Vintage Pulp Mar 24 2012
MY BARE LADY
The Good Times just keep on coming.

Another Saturday, another installment from the Good Time Weekly Calendar of 1963. The model above resisted all attempts at identification, and the photographer is listed as anonymous, but fret not—the daily quotations are faithfully transcribed below. This time, women are the targets of the assorted quipsters. We know this type of humor was considered good fun back then, but really, isn't it a little twisted to bash women while looking at their naked bodies for sexual gratification? Just asking. Still no clue on the He-who Who-he reference, by the way. Anyone with info please feel free to drop us a line.

March 24: “In most of our Hollywood beauty shops the gossip alone would curl your hair.”—Pat Buttram

March 25: “One picture is worth 10,000 words—but for some reason most women prefer to use 10,000 words.”—George Gobel

March 26: No one can tell her anything—she’s got sound proof ears.

March 27: “In many conversations a man can’t break in because a woman won’t break off.”’—Telly Savalas

March 28: You never know how much the voice can change till a woman stops yelling and answers the phone.

March 29: “A woman doesn’t tell the truth all the time—there just isn’t that much truth.”—He-who Who-he

March 30: “The best way to tie a woman down is with a telephone cord.”—Paul Gibson. 

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Vintage Pulp Jun 9 2010
NECK DEEP
Stop making Senza.

Spanish promo poster for Silvio Narizzano’s Italian heist flick Senza ragione, 1973. The title would translate to something like “without reason”, which sounds okay to us, but it was instead released in the U.S. as Alias Redneck, a change that makes sense only when you see Telly Savalas chewing the scenery as a psycho named Memphis. If the film were as good as the poster we’d really have something, but no such luck. It’s probably worth a look for avid fans of poliziesco flicks, but proceed at your own risk. 

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History Rewind
The headlines that mattered yesteryear.
February 17
1933—Blaine Act Passes
The Blaine Act, a congressional bill sponsored by Wisconsin senator John J. Blaine, is passed by the U.S. Senate and officially repeals the 18th Amendment to the United States Constitution, aka the Volstead Act, aka Prohibition. The repeal is formally adopted as the 21st Amendment to the Constitution on December 5, 1933.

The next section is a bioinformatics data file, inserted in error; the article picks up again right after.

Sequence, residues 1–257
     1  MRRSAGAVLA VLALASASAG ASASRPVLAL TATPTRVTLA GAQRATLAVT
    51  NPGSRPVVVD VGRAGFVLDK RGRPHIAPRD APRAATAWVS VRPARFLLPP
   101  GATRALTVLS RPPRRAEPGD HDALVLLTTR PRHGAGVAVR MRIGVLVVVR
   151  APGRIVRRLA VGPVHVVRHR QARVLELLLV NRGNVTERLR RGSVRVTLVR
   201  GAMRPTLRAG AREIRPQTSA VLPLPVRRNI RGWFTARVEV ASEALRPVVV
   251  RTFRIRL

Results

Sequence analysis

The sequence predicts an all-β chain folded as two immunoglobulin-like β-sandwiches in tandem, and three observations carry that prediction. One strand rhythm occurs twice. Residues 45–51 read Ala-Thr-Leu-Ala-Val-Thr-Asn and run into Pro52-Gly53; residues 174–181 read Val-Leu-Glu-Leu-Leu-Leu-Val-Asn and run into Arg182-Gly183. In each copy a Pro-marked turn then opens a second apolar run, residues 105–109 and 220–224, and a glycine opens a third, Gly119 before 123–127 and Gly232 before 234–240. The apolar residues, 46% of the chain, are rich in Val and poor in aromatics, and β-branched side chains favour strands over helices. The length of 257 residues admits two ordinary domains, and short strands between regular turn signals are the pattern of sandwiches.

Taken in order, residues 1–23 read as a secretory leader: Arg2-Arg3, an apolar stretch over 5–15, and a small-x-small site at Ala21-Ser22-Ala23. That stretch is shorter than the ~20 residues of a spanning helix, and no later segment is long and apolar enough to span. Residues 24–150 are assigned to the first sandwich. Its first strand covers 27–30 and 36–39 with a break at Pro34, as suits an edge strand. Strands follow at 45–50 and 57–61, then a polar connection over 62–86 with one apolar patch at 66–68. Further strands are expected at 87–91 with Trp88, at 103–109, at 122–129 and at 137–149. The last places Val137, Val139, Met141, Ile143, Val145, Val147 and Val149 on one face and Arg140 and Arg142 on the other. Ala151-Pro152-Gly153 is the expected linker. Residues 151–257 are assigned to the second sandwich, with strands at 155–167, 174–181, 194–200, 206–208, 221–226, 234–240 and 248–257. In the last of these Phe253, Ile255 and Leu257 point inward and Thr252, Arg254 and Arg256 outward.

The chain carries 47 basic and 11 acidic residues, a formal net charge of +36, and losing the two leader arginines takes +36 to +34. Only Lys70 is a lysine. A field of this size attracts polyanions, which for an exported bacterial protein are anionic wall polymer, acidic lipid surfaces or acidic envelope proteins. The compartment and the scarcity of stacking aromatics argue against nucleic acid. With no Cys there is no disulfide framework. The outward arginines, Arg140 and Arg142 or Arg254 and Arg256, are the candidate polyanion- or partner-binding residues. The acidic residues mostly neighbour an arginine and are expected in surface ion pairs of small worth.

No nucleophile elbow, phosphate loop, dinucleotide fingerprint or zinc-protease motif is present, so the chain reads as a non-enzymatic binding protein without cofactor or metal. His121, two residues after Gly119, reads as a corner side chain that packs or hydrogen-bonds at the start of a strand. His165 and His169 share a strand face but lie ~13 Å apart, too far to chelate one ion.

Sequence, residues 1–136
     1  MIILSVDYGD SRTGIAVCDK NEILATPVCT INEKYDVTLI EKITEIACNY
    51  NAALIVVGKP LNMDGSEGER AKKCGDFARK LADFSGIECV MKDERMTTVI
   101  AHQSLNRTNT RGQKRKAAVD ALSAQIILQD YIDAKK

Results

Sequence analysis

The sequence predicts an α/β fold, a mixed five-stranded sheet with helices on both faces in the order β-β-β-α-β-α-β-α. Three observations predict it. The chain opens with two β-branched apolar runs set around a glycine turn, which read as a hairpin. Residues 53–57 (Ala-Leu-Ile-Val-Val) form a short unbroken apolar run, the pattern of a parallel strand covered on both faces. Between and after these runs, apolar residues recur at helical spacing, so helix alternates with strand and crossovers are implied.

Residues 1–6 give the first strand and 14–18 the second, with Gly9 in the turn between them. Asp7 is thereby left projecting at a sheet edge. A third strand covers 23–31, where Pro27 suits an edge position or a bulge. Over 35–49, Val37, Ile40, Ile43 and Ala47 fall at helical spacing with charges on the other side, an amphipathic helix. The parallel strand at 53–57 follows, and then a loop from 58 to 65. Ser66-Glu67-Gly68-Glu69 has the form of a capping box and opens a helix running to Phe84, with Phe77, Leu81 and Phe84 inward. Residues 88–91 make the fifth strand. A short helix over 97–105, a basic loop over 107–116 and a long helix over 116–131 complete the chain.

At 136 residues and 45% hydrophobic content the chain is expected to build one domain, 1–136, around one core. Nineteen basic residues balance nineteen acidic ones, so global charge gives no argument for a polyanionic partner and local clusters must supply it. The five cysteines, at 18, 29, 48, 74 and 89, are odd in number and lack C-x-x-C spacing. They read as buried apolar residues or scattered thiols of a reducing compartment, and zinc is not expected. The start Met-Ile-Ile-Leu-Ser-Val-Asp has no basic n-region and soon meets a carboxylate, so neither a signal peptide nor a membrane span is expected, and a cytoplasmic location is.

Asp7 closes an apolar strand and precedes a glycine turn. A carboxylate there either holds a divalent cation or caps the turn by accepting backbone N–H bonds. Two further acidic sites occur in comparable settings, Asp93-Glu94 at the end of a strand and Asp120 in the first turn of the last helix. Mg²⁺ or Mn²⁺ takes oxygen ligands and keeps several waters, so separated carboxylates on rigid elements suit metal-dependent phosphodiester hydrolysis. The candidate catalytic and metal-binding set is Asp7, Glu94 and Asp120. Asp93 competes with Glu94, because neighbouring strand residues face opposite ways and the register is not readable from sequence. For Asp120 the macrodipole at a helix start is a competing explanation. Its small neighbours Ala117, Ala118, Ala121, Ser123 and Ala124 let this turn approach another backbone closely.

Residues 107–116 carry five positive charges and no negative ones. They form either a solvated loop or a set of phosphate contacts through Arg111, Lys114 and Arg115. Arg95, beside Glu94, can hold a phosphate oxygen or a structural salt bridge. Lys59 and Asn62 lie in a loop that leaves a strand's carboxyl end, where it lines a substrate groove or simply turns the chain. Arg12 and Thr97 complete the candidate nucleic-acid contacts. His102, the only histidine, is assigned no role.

1947—Voice of America Begins Broadcasting into U.S.S.R.
The state radio channel known as Voice of America and controlled by the U.S. State Department, begins broadcasting into the Soviet Union in Russian with the intent of countering Soviet radio programming directed against American leaders and policies. The Soviet Union responds by initiating electronic jamming of VOA broadcasts.
February 16
1937—Carothers Patents Nylon
Wallace H. Carothers, an American chemist, inventor and the leader of organic chemistry at DuPont Corporation, receives a patent for a silk substitute fabric called nylon. Carothers was a depressive who for years carried a cyanide capsule on a watch chain in case he wanted to commit suicide, but his genius helped produce other polymers such as neoprene and polyester. He eventually did take cyanide—not in pill form, but dissolved in lemon juice—resulting in his death in late 1937.
February 15
1933—Franklin Roosevelt Survives Assassination Attempt
In Miami, Florida, Giuseppe Zangara attempts to shoot President-elect Franklin D. Roosevelt, but is restrained by a crowd and, in the course of firing five wild shots, hits five people, including Chicago, Illinois Mayor Anton J. Cermak, who dies of his wounds three weeks later. Zangara is quickly tried and sentenced to eighty years in jail for attempted murder, but is later convicted of murder when Cermak dies. Zangara is sentenced to death and executed in Florida's electric chair.
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